Arizona Gov. Doug Ducey heads to Washington this week to attend the Conservative Political Action Conference. The Washington Examiner asked him to preview his main priorities regarding Obamacare replacement and what they should know about Arizona's healthcare challenges.
Washington Examiner: How should Congress go about replacing the Affordable Care Act?
Ducey: The answer is a) as expeditiously as possible, as long as b) it's well-conceived. The damage from Obamacare is clear: Insurance markets have been wrecked; premiums have soared; and promises, such as "you can keep your doctor," have been broken. That's what happens when one party imposes a one-size-fits-all solution on one-sixth of the country's economy without even bothering to read the bill. Congress should do the opposite of what occurred in 2010: It should seek to expand choices for consumers, not limit them; it should encourage innovation in the states, not stifle it; and it should read the bill and understand the implications of what it's passing instead of simply hoping for the best despite ample evidence to the contrary.
Washington Examiner: You and other governors are coming to Washington to talk about your work on this. How are you working together and what do you need Congress and the administration to understand about the process and the results you're trying to achieve?
Ducey: Earlier this year, House Majority Leader Kevin McCarthy asked governors across the country to weigh in on the effort to replace Obamacare, and we've done so. We want flexibility to adapt healthcare regulations that reflect what our states' citizens need. We want to ensure that the rug isn't pulled out from under people who need help and access to healthcare. And we want to get it right the first time without inflicting all the trauma that came along with Obamacare. Congressional leadership and [Health and Human Services] Secretary [Tom] Price are listening, and that alone is a vast improvement. We have a good framework to continue the conversation and move forward.
Washington Examiner: Do you support maintaining provisions that prohibit insurance companies from denying coverage based on pre-existing conditions?
Ducey: Yes. We all know individuals who were unable to find coverage due to a pre-existing condition. These individuals need access to health insurance and for them, the thought of repeal and returning to a time when they could not buy coverage is scary. I think there's broad consensus on this point, and I'm confident we won't go back on it.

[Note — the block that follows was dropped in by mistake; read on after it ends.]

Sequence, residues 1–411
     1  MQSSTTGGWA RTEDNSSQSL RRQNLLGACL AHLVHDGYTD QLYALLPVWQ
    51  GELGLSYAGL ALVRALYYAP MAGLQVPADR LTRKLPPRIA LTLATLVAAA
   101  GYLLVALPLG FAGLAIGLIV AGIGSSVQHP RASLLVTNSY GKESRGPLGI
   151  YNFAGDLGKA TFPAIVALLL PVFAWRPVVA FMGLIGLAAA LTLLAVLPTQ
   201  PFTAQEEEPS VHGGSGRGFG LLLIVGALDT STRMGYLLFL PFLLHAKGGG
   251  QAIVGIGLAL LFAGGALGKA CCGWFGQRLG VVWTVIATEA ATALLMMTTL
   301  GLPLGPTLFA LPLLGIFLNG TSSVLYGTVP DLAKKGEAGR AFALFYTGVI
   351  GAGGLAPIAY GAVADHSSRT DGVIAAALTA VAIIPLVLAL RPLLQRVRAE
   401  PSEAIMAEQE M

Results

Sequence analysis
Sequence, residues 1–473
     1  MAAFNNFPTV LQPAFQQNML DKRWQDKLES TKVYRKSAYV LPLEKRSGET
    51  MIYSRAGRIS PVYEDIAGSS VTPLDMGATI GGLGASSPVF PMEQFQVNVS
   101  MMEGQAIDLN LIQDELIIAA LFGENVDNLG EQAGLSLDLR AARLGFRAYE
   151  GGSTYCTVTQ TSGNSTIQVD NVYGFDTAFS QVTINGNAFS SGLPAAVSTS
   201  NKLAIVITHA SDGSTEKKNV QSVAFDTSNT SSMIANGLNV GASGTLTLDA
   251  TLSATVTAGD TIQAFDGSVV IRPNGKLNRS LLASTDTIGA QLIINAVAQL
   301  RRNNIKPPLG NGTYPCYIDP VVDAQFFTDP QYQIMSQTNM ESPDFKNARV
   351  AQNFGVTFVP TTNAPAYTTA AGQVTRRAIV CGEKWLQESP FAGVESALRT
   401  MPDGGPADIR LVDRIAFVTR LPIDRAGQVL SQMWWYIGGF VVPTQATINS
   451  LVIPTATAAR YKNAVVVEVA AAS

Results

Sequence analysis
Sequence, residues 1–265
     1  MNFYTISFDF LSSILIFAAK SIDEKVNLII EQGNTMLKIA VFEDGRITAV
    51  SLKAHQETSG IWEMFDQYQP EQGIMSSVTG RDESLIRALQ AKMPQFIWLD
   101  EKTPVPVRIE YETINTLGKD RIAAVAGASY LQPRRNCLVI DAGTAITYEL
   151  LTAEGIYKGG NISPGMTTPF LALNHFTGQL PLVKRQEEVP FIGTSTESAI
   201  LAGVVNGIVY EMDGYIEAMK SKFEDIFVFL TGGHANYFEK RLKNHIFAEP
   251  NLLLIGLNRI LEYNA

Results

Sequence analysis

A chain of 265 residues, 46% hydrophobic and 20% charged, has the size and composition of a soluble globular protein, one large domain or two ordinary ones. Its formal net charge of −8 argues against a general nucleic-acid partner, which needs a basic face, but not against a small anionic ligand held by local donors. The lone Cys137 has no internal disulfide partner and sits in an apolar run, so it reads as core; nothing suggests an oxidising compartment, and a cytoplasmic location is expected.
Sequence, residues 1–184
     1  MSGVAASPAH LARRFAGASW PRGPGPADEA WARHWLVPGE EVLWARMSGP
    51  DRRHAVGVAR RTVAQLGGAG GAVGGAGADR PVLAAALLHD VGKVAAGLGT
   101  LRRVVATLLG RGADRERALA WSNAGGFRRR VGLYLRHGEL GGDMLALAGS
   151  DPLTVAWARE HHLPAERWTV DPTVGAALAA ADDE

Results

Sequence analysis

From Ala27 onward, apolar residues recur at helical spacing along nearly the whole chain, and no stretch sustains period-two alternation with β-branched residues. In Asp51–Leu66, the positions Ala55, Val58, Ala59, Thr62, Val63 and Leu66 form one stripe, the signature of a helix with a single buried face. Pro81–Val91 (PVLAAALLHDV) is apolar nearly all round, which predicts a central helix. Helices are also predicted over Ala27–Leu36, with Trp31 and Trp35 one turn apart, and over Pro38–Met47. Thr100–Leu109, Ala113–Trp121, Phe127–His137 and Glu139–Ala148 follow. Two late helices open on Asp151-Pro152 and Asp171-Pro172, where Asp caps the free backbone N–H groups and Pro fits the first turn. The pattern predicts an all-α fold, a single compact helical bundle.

Washington Examiner: How quickly would you like to see Republicans in Congress, and President Trump, move in repealing and replacing Obamacare? Would you like to see the effort move as quickly as possible, or would you prefer they take a step-by-step approach that phases out Obamacare over a couple of years, and phases in the new law over the same period?
Ducey: We've had six years of poor implementation of bad policy. As a result, in 2017, most Arizonans shopping for healthcare coverage on the federal marketplace will have a single choice for coverage and some people will see a premium increase of over 100 percent. Fixing this won't happen overnight, and I think most people understand that. But there should be no ambiguity — the taxes, mandates and federal control that comprise Obamacare should be repealed as quickly as possible, and the necessary elements of a healthcare plan that puts patients first and ensures the broadest possible access to quality healthcare should replace them.
Washington Examiner: You opposed Arizona adopting the Medicaid expansion portion of Obamacare (your predecessor, Republican Jan Brewer, supported and implemented the expansion.) Now that there are Arizonans covered under the expansion, how would you like to see the Medicaid expansion maintained in any Obamacare replacement? Are you concerned if it isn't maintained as a part of any replacement that Congress passes, and that the federal government will stick the states with the bill?
Ducey: Whenever you deal with the federal government, that's always the concern, namely that they'll change the rules and stick you with the bill. With states contributing a portion of the financing, serving as the operational arm and acting as equity partners, Medicaid is a unique federal-state partnership. We're fortunate that, in Arizona, we have one of the best-run state healthcare programs [AHCCCS] in the country. Our job going forward — with the help of our congressional delegation — is to ensure that we're rewarded for the quality of our program and not punished for it. The Obamacare replacement needs to ensure that states are treated on their population, not on their existing costs, and it especially needs to take into account the impact on rural communities. As I mentioned earlier, we don't want to have the rug pulled out from under people, so the details of how Obamacare is replaced is critically important to us, especially as a state that did expand Medicaid.
Washington Examiner: What is Arizona's biggest pressing problem when it comes to healthcare policy that you would like the replacement bill to address?
Ducey: There are a few factors that contribute to Arizona's challenges when it comes to healthcare policy. We have a significant rural population that relies on community hospitals which are counting on the restoration of Medicare cuts, and we have a dwindling marketplace of insurance providers available to our state. But at the end of the day, Arizona's most pressing healthcare question is no different than the rest of the country's. How do we protect access to affordable coverage and high-quality care today while ensuring the viability of our care providers, and truly creating a patient-centered healthcare infrastructure every American can rely on in the future? This challenge is also the greatest opportunity with the repeal and replacement of Obamacare and why we must get it right.